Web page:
At a time when the Obama administration is seeking to repair the image of the United States around the world, an estimated 20 nations are ready to accept Peace Corps workers. But the agency can't afford to start new programs in all of them. And despite the Peace Corps' still potent image as a symbol of American idealism, reformers say the organization must make fundamental changes to meet modern diplomatic and technological needs. There is also, they say, a reluctance to consider broader foreign policy goals when deciding where to send volunteers. It is a stance that many say undermines the Corps' mission: An organization dedicated to demonstrating America's commitment to understanding other cultures operates in only two Arab countries, Jordan and Morocco. On a strategic level, reformers say, the Peace Corps needs to rethink where it sends volunteers. The organization is adamantly apolitical, and volunteers do not want to be used for short-term foreign policy objectives. But many officials said the Peace Corps is missing an opportunity to improve relations in critical regions, while keeping volunteers in areas where such people-to-people diplomacy is no longer needed.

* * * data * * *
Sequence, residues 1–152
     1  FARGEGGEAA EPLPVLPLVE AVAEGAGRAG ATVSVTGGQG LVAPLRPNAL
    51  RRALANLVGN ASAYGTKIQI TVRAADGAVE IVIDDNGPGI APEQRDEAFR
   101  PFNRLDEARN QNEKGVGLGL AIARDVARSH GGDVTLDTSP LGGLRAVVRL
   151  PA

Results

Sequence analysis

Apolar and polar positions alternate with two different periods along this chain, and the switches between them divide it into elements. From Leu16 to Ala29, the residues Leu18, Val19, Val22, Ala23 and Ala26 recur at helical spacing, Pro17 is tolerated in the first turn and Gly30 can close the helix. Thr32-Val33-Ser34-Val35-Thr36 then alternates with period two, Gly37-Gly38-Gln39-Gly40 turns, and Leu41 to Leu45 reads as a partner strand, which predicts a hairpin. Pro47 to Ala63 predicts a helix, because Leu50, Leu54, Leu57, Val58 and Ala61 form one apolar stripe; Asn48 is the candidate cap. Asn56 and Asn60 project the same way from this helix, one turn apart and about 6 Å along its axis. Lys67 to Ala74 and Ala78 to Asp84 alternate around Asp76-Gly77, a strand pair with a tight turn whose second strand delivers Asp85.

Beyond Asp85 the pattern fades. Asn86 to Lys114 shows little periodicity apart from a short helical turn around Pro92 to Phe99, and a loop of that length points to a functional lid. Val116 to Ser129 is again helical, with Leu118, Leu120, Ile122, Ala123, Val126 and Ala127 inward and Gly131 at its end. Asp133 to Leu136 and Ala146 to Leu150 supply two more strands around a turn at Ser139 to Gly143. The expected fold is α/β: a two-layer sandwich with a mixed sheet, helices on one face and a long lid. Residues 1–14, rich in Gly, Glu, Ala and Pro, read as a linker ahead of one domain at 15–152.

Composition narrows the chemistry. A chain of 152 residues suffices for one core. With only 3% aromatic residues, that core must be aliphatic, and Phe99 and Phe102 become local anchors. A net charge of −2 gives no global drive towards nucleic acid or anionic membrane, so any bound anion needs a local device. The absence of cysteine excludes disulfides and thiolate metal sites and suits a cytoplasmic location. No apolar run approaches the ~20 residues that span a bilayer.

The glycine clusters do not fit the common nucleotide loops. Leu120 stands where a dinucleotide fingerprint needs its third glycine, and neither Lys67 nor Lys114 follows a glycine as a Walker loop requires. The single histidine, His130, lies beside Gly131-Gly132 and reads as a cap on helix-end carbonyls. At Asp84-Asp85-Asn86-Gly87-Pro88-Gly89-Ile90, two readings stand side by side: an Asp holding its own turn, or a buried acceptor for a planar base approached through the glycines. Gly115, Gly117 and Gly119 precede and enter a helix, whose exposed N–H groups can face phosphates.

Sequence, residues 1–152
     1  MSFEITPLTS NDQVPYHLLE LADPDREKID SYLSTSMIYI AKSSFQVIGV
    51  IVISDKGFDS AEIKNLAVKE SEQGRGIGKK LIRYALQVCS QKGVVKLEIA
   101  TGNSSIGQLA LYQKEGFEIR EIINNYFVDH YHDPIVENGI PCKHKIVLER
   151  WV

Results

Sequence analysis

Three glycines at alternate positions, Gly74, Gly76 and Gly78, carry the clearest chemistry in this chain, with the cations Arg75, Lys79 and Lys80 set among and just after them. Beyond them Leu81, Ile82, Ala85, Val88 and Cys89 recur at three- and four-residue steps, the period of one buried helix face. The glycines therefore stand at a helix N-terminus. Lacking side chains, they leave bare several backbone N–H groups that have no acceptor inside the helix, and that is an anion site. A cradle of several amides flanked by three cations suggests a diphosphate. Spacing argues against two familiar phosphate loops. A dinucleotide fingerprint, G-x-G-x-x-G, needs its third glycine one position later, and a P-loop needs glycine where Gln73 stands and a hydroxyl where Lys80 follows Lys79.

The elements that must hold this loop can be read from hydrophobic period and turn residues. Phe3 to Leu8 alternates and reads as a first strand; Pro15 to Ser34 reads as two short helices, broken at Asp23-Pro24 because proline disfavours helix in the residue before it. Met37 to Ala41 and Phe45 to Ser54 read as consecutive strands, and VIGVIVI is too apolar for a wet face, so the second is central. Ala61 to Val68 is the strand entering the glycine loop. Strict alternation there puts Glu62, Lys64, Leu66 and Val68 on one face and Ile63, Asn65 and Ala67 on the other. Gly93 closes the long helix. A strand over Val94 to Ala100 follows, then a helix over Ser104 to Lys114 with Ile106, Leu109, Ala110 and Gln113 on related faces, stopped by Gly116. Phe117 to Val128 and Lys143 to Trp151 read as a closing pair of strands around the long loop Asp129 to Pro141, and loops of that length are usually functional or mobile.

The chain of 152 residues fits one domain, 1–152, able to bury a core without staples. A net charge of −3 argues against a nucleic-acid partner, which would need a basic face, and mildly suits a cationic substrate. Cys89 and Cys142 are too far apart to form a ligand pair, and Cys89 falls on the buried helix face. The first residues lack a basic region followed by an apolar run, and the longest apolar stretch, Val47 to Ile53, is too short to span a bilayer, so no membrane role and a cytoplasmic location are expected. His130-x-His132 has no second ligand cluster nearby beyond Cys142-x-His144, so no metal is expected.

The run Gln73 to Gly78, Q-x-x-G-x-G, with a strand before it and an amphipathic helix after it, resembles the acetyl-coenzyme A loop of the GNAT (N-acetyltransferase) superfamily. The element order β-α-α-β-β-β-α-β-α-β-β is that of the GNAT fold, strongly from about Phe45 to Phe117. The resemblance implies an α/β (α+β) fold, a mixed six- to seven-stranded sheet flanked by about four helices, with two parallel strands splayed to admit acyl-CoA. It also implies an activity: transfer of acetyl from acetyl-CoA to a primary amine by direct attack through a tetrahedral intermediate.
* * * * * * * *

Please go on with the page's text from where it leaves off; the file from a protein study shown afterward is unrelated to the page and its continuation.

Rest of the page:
Byron Battle, the country director in Mexico and former director in Mali, wishes the Peace Corps would expand to India, Turkey, Egypt, Tunisia, Indonesia and - when it's deemed safe - to Pakistan. Other officials would add Vietnam and Brazil to the list. Mark Schneider, who directed the Peace Corps during the last two years of the Clinton administration, hopes volunteers will be sent back to Haiti, where security worries forced the suspension of the Peace Corps there in 2005. "You've got to make sure that the places they're living and working make sense," Schneider said. Meanwhile, others wonder why the Peace Corps is still in Caribbean vacation spots, or in Romania and Bulgaria - both of which are now in the European Union, and could look closer to home for developmental help. The Peace Corps sends English teachers to China, but Strauss believes that China - which owns a great deal of US debt - should be able to pay for the teachers, many of whom work at universities. "I am a firm believer in Peace Corps, but I am not a firm believer that Peace Corps needs to be in every one of the places it is, or that it's an effective use of this very limited amount of money," Strauss said in an interview from Madagascar, where he now is a business consultant. Read more.